In preparation for New Years Eve, people are screaming about Uber’s surge pricing again.
On especially busy nights, Travis Kalanick’s on-demand car service jacks up its prices to help drive down demand for the limited number of vehicles on the road. Uber, says Kalanick, is a guaranteed reliable ride. It’s not necessarily an affordable one. After all, the company was founded as a luxury, black-car service that was more expensive than cabs.
Surge pricing is easy to complain about. But it isn’t really why people are angry with Uber. Most people understand that there needs to be a way to manage supply and demand. Uber also makes it very clear that a user will be charged a higher multiple before a ride is accepted during surge pricing. On New Years Eve, Uber even makes customers re-type the surge multiple before sending a driver their way.
What enrages people is the lack of transparency during surge pricing. It leaves them feeling ripped off because Uber doesn’t explain two things:
- Why the high multiples are in effect
- Where the money goes after an absurdly expensive trip.
Uber says its algorithms choose which multiple to display during surge pricing. But it doesn’t explain how those algorithms work in real time. How much demand created that absurdly-high 8X multiple, for example? How many pings was Uber’s service getting per driver? A simple feature to show demand in real time would appease a lot of whiners.
Additionally, Uber takes 20% of every fare; drivers keep 80%. Uber maintains that 20/80 split with drivers during surge pricing. As a result, everyone benefits financially except the consumer, whose benefit is not being stranded. It’d be interesting to see just how much money Uber makes (or loses) during surge pricing. The assumption is it makes a killing by charging 2-8X its normal rate, which upsets users who then feel ripped off. But if multiples get too high for customers, the company probably loses money until supply and demand even out.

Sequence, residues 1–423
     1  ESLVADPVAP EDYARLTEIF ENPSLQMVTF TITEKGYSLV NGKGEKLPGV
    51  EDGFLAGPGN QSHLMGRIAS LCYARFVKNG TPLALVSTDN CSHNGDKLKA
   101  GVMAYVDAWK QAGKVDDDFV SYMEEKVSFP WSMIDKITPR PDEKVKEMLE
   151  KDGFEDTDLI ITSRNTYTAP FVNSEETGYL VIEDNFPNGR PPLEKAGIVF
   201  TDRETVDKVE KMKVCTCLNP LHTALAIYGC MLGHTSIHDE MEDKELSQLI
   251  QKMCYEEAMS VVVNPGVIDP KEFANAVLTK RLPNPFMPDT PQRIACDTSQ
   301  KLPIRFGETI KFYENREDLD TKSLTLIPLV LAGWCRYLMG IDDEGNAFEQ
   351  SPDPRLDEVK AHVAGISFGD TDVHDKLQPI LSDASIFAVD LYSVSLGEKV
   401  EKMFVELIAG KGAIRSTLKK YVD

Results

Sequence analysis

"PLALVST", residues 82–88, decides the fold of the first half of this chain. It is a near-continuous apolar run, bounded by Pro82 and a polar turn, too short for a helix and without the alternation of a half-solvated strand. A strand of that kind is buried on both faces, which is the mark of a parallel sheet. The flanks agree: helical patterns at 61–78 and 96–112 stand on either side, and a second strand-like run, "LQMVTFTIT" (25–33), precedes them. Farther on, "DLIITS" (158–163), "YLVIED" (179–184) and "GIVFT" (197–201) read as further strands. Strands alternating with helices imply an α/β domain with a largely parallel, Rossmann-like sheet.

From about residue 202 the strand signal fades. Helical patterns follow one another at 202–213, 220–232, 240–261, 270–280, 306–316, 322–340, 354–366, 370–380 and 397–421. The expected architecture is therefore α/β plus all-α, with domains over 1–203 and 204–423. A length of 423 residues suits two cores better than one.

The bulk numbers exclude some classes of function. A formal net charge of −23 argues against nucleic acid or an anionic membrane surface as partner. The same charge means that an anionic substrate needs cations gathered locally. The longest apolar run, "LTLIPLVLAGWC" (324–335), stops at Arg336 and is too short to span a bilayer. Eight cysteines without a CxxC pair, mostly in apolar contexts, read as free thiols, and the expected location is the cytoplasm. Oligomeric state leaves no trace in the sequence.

Basically, surge pricing leads to a communication and trust breakdown between Uber and its consumers. Only showing one side of the equation (surge pricing without the real-time demand that’s driving it) doesn’t manage people’s expectations. Instead, it leaves many feeling cheated.
Think about why navigation app Waze is popular. It shows people why they’re waiting in traffic and thus offers an explanation for a frustrating experience. On a more basic level, think about the best waiters at busy restaurants. They let you know where your food is and why it hasn’t been brought out yet.
People have a lot more patience when they’re presented with logical explanations. Surge pricing without an explanation, however, doesn’t appear logical.
Here’s a good debate on surge pricing (and the frustrating results of it) on Twitter.
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